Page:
Python Namespace and scope – Get unique names for each object
In your school, college or office, confusion can arise because of people having the same names.
This confusion is usually resolved by providing a unique identity like using first name and last name.
The same problem can arise in programming also.
If you write a few lines of code then it is not a problem to assign unique names to every variable.
But when you load external modules and write thousands of lines of code then it is not possible to use unique and meaningful names for every object or variable.
This is why namespaces are important and this article will be covering everything about Python namespace and scope.
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What is Python Namespace?
A namespace is a collection of names. Python implements namespaces as dictionaries.
Imagine it as a name-to-object mapping where names are the keys and objects are the values.
A namespace allows us to have unique names for each object.
If you don’t know, this is just a quick reminder to tell you that strings, lists, functions, etc. everything in Python is an object.
In simple words, we can say that the role of a namespace is like a surname.
There can be multiple “Tom” in the same class but there will be a single “Tom Hanks” (let’s just assume this) in the class and with surname, you can identify between multiple “Tom”.
The Python interpreter does the same thing to understand what exact method or variable one is pointing to in the code.
The namespace word itself can be broken down as name (which is a unique identifier) + space (which means relating to scope).
The name can be anything from method name to variable name and space depends upon the location from where we are trying to access a variable or a method.
Namespaces are of basically three types:
1. Built-in Namespace
This namespace includes functions and exception names that are built-in in the Python.
2. Global Namespace
This namespace includes names from the modules that are imported in the project.
It is created when we include the module and it lasts until the script ends.
3. Local Namespace
The local names inside the function comes under a local namespace.
This namespace is created when the function is called and the scope ends when the value is returned.
With namespaces, we can uniquely identify all the names inside a program.
However, it doesn’t mean that we can use the variable names anywhere we want.
It also has some scope that indicates the part of the program where we can access them.
We can directly access the variables without any prefix when they are in the namespace.
The lifetime of a namespace is dependent on the scope of objects.
When the scope of an object comes to end, the lifetime of the namespace also comes to an end.
So, we cannot access the inner namespace scope’s objects from an outer namespace.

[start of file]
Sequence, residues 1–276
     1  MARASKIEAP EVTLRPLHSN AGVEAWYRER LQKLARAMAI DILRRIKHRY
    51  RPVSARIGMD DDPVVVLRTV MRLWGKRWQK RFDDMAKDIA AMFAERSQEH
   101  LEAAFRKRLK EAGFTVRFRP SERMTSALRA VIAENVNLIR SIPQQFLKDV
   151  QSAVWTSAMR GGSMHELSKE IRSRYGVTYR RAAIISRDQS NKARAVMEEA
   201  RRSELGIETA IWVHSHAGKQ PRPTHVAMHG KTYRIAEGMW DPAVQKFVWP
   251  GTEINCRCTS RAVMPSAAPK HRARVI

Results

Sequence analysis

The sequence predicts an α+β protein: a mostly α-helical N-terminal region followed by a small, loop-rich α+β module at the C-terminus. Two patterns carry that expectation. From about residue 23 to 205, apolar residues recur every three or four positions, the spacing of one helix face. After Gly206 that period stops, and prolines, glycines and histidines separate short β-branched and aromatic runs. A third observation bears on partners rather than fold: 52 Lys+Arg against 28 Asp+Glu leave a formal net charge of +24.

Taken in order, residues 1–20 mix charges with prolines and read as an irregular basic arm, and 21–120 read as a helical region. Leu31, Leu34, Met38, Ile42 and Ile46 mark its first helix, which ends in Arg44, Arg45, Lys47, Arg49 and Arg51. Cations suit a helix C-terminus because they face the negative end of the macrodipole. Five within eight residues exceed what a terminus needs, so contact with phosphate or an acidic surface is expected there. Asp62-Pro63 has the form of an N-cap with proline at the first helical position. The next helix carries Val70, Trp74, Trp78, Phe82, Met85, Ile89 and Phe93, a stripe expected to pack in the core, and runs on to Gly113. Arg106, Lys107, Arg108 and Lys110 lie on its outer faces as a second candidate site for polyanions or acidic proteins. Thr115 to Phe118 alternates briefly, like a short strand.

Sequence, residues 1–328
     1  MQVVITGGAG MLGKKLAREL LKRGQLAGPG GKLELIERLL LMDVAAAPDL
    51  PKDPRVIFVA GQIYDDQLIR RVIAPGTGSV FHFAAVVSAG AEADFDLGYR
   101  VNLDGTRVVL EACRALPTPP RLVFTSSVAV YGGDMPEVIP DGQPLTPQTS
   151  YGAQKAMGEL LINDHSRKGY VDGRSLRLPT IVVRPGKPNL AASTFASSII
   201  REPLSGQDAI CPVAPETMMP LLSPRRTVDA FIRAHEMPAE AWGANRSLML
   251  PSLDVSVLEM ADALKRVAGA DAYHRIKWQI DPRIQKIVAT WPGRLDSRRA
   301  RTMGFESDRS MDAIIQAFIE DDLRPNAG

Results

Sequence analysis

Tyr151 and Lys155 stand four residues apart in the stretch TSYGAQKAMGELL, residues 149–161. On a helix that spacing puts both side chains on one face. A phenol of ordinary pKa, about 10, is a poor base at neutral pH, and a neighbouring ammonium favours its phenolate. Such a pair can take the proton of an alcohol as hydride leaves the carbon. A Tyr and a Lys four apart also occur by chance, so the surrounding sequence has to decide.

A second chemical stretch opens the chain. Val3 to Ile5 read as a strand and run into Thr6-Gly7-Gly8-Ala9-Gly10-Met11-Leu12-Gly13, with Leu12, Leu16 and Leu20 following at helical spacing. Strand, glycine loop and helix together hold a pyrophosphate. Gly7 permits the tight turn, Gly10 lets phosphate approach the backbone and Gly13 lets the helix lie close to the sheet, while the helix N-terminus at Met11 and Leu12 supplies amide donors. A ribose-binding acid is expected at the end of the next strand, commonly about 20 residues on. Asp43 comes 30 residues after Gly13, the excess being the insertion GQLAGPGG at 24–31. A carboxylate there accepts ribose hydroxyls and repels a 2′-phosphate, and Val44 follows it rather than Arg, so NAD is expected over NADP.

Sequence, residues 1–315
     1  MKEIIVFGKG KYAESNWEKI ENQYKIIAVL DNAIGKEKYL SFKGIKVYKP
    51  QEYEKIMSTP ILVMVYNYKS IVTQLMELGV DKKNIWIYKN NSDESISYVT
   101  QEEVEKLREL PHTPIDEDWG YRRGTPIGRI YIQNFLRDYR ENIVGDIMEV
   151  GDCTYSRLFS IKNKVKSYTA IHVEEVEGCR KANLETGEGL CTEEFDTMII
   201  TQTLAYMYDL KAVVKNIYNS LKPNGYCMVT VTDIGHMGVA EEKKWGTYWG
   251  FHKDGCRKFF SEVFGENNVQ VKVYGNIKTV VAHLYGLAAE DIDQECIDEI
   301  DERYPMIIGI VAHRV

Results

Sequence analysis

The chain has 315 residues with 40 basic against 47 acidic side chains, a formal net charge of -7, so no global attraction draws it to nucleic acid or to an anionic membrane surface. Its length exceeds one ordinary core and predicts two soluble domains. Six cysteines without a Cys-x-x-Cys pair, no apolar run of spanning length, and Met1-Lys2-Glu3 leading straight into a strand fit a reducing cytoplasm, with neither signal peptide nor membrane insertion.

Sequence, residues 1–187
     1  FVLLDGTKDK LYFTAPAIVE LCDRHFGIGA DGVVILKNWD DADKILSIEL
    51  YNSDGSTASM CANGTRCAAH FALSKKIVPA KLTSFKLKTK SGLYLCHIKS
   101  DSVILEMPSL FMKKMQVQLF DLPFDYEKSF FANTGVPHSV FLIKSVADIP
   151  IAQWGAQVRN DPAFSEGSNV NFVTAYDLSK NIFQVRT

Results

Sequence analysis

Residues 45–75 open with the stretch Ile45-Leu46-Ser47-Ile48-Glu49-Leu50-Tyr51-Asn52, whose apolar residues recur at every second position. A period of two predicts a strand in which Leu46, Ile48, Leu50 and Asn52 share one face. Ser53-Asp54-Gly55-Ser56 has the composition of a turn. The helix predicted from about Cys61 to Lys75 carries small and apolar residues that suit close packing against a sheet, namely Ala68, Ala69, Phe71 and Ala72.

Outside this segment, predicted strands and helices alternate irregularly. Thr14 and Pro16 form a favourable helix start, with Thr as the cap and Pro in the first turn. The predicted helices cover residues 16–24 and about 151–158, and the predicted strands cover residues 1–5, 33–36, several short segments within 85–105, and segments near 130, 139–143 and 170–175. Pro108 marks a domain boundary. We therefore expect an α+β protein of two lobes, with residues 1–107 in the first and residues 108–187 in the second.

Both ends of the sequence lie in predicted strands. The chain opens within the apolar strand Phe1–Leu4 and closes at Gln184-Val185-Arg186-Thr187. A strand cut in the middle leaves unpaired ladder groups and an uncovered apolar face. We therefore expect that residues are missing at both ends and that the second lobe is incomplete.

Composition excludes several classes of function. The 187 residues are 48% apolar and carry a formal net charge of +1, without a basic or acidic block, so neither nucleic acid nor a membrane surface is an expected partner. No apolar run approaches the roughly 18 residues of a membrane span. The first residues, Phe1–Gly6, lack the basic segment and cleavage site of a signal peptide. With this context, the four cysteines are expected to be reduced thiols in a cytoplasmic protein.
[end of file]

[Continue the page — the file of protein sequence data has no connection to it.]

When a name is referenced in Python, the interpreter searches the name in the namespace starting from the smallest scope in the diagram and gradually moves towards the outermost scope.
- The local scope, which is the innermost scope contains a list of local names that are only available in the function.
- Enclosing scopes are seen in nested functions where names are searched in the nearest outside function.
- The global scope is the module-level scope. When we import modules, they get added to the global scope.
- The outermost scope is of the built-in names scope. The interpreter searches names in this scope at last.
Example of Python Namespaces and Scope
Now, we will see some examples of namespaces and scope –
#var1 is in the global namespace var1 = 5 def function(): # var2 is in the local namespace var2 = 6 def inner_function(): # var3 is in the nested local # namespace var3 = 7
In this example, the var1 is declared in the global namespace because it is not enclosed inside any function.
So it is accessible everywhere in the script.
var2 is inside the function().
So, it can be accessed only inside the function() and outside the function, it no longer exists.
var3 also has a local scope, the function is nested and we can use var3 only inside inner_function().
var = "10" def example(): var = "30" def method(): global var var = "40" def function(): global var var = "50" print("Function Scope: " + var) function() print("Method Scope: " + var) method() print("Example Scope: " + var) example() print("Module Scope: " + var)
Method Scope: 50
Example Scope: 30
Module Scope: 50
Let’s break down how we got the following output –
In the global scope first, we declared the variable ‘var’ and initialized it with value = 10.
In the example() function, we declare a local variable ‘var’ =30.
Since they are declared in different namespaces, we can have variables with the same names in different scopes.
The global keyword is used to indicate that we are referencing the global variable in this scope that is why in function() the value now holds 50.
Same as method() function and the example() function is holding the local variable whose value is 30 and in the end, the last value of the global variable was 50.
In this python namespace and scope article of TechVidvan, we studied about the namespaces and scope in Python.
They are necessary to solve the problem of conflicting names while naming objects.
We saw the different types of namespaces (built-in, global and local) and scopes.
Further on, we saw easy examples of namespaces and scope.